In Penang, the debate on the floods and the tragic landslide has continued non­stop and moved last week to the State Assembly.

The clearest explanation of the worsening flood situation that I have heard was the presentation by scientist Dr Kam Suan Pheng at the Penang Forum event on Oct 29.

 

A former Universiti Sains Malaysia academic who then worked in international agencies including the International Rice Research Institute, Dr Kam said there were seven main causes of floods in Penang:

  • > Increasingly heavy rainfall; 
  • > Expansion of impermeable surface area;
  • > Eroded soil and landslides increase the sediment load in surface runoffs;
  • > Debris that clogs up waterways; 
  • > Accumulation of surface flow downstream;
  • > Limited capacity to channel off discharge; and
  • > High tides slow down discharge to the sea.

She provided historical and current data to show that flash floods are happening more frequently and with more adverse effects, even with lower rainfall levels. With higher rainfall expected in future, the situation can be expected to significantly worsen.

Dr Kam focused on expansion of impermeable surface area (caused by ill­ planned development and replacing natural ground cover such as hills, fields and trees that act as a water ­absorbing sponge) and soil erosion and landslides (caused by cutting and development in hill areas) as two factors that need special attention.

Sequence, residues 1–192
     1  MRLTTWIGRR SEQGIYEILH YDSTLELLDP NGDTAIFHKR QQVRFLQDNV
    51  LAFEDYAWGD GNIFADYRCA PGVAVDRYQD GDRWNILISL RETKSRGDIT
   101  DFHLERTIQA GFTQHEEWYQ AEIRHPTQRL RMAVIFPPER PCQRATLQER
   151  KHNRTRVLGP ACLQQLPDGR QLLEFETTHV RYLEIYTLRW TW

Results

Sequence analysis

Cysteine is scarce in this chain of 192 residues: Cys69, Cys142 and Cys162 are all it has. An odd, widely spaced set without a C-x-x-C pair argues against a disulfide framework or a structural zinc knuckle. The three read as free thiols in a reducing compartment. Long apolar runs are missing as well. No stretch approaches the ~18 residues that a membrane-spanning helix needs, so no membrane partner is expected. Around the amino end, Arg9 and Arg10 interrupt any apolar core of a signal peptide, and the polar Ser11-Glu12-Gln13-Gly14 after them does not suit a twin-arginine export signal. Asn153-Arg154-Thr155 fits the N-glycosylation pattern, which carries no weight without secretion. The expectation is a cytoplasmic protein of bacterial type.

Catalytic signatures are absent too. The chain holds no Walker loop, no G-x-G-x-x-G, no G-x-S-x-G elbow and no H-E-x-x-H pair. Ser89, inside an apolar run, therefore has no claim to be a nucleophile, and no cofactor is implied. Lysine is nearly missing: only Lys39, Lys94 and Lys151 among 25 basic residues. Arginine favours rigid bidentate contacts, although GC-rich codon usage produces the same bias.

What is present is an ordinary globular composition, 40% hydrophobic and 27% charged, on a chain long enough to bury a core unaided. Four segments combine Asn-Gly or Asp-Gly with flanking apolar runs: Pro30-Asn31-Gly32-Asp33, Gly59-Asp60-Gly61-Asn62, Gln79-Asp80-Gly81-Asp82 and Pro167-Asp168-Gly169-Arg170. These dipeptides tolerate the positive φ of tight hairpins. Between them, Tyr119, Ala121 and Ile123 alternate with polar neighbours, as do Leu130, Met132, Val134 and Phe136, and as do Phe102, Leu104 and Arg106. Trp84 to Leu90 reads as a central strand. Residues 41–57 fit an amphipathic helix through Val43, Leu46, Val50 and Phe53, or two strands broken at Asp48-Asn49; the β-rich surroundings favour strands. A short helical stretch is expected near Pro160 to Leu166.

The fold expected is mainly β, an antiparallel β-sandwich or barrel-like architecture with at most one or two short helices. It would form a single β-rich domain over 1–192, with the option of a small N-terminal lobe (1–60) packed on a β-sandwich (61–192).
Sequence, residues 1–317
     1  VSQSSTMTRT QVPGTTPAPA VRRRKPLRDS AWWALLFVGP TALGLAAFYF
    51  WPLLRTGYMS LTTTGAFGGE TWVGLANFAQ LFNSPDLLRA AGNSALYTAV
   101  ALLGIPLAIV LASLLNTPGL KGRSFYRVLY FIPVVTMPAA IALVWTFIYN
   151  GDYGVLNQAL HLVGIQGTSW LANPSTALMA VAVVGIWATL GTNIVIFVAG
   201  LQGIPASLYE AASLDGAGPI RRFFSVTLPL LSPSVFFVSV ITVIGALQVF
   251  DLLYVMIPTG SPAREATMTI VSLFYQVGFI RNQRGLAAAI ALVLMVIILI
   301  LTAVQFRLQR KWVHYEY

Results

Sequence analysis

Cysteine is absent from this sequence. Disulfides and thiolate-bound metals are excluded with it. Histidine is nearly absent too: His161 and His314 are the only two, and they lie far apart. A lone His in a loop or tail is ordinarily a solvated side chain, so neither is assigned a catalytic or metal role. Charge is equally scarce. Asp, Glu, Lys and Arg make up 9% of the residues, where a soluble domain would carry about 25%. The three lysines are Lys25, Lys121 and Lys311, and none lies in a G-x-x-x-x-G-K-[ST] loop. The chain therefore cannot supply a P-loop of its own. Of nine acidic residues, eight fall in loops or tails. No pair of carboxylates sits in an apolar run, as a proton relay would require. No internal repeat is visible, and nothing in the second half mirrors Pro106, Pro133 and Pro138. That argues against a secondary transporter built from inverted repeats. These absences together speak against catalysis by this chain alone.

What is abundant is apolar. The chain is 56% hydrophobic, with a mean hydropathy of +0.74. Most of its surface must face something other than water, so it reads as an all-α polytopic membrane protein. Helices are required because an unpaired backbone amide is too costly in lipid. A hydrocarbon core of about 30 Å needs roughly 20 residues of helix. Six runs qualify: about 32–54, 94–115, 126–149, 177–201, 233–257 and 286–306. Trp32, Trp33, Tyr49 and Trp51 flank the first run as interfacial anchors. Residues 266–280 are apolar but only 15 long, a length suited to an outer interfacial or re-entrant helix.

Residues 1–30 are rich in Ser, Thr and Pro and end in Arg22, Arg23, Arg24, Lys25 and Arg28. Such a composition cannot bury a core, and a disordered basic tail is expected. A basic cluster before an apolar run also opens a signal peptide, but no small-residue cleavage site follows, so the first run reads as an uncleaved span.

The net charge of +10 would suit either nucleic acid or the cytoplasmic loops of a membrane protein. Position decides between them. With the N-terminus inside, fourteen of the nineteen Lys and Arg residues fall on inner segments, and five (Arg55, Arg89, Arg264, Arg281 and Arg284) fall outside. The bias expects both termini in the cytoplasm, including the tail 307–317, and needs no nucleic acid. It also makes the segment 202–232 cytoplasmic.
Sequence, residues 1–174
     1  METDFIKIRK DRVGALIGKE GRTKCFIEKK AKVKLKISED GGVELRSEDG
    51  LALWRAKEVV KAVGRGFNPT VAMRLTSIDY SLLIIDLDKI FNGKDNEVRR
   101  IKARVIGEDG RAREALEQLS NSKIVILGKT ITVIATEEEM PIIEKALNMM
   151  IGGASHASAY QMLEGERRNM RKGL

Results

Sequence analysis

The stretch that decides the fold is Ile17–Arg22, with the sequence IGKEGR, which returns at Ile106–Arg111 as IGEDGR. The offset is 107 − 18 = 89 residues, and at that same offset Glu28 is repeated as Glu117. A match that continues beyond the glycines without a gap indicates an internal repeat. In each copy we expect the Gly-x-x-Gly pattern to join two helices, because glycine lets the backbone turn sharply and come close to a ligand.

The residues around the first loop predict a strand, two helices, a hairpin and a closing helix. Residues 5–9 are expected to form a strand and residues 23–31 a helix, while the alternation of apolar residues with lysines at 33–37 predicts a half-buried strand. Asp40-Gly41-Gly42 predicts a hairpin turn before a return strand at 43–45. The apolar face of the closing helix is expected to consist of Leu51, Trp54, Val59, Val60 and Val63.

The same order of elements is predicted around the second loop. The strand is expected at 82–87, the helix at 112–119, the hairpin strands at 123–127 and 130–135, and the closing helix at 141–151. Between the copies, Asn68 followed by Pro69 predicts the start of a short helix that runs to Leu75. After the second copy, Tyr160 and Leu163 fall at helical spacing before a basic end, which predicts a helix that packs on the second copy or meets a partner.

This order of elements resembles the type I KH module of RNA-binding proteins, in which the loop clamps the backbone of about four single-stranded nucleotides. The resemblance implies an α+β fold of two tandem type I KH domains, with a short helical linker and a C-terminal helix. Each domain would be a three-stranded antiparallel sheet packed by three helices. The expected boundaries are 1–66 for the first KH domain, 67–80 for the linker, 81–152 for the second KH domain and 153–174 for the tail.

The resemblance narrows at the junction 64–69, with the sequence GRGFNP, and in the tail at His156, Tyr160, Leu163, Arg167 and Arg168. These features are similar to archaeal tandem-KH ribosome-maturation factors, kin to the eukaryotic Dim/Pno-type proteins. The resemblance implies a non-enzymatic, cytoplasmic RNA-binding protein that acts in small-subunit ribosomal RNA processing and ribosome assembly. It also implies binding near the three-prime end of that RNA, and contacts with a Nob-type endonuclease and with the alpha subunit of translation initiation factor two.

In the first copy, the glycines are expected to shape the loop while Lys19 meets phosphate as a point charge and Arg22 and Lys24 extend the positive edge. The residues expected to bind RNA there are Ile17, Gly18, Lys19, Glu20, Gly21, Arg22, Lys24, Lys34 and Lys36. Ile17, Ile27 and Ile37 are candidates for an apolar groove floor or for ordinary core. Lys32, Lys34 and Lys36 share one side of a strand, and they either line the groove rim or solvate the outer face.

She quoted Datuk Kam U Tee, the Penang Water Authority general manager (1973~­90), as having correctly explained the Penang floods of October 2008, as follows: the floods were caused by conversion of the Paya Terubong and Bayan Baru valleys into “concrete aprons that do not retain water. The water immediately flows into streams causing flash floods even with moderate rainfall. Because of hill­cutting activities, the flowing water causes erosion of the slopes which carries mud and silt into the river beds”. ( The Star, Oct 24, 2008).

Flood mitigation and flood prevention are two types of actions to tackle the flood problem, said Dr Kam.

Mitigation measures only tackle the symptoms, are costly and need public (state and federal) funds. These include structural measures (upgrading rivers, installing pumps) and non­structural measures (drainage masterplan; flood forecasting and warning systems; public education).